Unfortunately, ITP has few answers. Any, all or none of the things you listed could have triggered ITP. Sometimes people are just pre-disposed to ITP and it takes a cycle of events to set it off. Most of us have no clue as to what caused it. It just happened. There is no way to prove a cause. Even if it was DITP, stopping the drug does not mean that ITP will go away. It's unlikely that your doctor will be able to give you answers. Most of the time they say, "I don't know" and that is an honest answer.

There are other options to try, so you won't be stuck on Prednisone forever. Most people start with that and end up moving down the line of treatments until you find something that either stabilizes counts or causes remission.

It's good that your Hemo does not panic at low counts, some do. A calm Hemo makes a calmer patient. Hang in there, it will get better.

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March 2015, life changed. 4 years 1 month ago #49111

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Sandi wrote: Unfortunately, ITP has few answers. Any, all or none of the things you listed could have triggered ITP. Sometimes people are just pre-disposed to ITP and it takes a cycle of events to set it off. Most of us have no clue as to what caused it. It just happened. There is no way to prove a cause.
It's unlikely that your doctor will be able to give you answers. Most of the time they say, "I don't know" and that is an honest answer.

And that would be why he said, "that's why it's called idiopathic."

Sandi wrote: Even if it was DITP, stopping the drug does not mean that ITP will go away.

See, that's the part that i was hoping i could control :)

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March 2015, life changed. 4 years 1 month ago #49112

  • Sandi
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It is idiopathic, but the "I" actually stands for "Immune" these days. It's been changed in the past few years.

The hardest part about ITP is the feeling of loss of control. You can't really control counts, but you can control which treatments to choose, when you will treat, and how you react to it all. It can be a crazy ride for a while but it will get better. :)

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March 2015, life changed. 4 years 1 month ago #49113

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Regarding Q1, platelets are cell fragments, so strictly speaking they cannot be killed. In an otherwise healthy adults, mean survival time for a platelet is a 7 to 10 days, but in someone with ITP, platelet production may be impaired and platelet destruction may be accelerated. To make matters more complicated, up to one-third of platelets are sequestered in the spleen, held there in case of emergency.

As a result, platelet counts can fluctuate significantly over a period of days. However, it is highly unlikely that a person could go from a normal count (150-450, in general) to a life-threateningly low count in a matter of days.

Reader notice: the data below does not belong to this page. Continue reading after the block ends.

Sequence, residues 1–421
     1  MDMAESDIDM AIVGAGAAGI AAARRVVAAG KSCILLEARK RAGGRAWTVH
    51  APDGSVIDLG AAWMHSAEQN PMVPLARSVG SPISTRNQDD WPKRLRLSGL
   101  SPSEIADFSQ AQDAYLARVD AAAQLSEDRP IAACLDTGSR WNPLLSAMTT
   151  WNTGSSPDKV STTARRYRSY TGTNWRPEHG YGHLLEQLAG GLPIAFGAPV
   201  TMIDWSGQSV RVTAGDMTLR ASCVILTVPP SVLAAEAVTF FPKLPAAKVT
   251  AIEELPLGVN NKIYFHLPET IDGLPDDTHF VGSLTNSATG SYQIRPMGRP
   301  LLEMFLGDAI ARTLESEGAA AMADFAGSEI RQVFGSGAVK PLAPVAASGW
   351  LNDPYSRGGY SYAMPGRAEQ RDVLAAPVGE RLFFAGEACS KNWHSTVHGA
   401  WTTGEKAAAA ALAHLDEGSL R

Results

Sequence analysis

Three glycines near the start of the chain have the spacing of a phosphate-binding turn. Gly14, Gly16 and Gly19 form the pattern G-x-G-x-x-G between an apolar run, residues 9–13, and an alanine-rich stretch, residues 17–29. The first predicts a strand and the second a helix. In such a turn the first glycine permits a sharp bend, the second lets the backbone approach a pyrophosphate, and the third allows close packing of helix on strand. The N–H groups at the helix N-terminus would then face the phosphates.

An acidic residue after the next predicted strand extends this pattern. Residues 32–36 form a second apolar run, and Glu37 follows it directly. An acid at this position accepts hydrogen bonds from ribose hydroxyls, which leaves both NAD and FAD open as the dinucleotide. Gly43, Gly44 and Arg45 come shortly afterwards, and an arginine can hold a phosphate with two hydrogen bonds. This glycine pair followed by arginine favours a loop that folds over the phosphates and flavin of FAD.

Also, there are lots of threads here about people who seem to have improved their platelet counts through various dietary of lifestyle modifications. It's certainly worth pursuing blood work to check for micronutrient deficiencies, thyroid dysfunction, etc. Maybe there's something going on that is affecting your counts.

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March 2015, life changed. 4 years 1 month ago #49119

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Aoi wrote: Regarding Q1, platelets are cell fragments, so strictly speaking they cannot be killed. In an otherwise healthy adults, mean survival time for a platelet is a 7 to 10 days, but in someone with ITP, platelet production may be impaired and platelet destruction may be accelerated. To make matters more complicated, up to one-third of platelets are sequestered in the spleen, held there in case of emergency.

As a result, platelet counts can fluctuate significantly over a period of days. However, it is highly unlikely that a person could go from a normal count (150-450, in general) to a life-threateningly low count in a matter of days.

Also, there are lots of threads here about people who seem to have improved their platelet counts through various dietary of lifestyle modifications. It's certainly worth pursuing blood work to check for micronutrient deficiencies, thyroid dysfunction, etc. Maybe there's something going on that is affecting your counts.

my H and H is fine. borderline, but ok.
iron and albumin are both low, but not by much.
i've started taking folic acid and iron.

so what i'm hearing you say, is, 7 - 10 days (maybe 14) for platelets to drop significantly.
which tells me that the ibuprofen that i took 3 days prior to the 25,000 results probably wasn't the issue?

does ibuprofen destroy the platelets already formed? or does it prevent formation of new platelets?

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March 2015, life changed. 4 years 1 month ago #49120

  • Sandi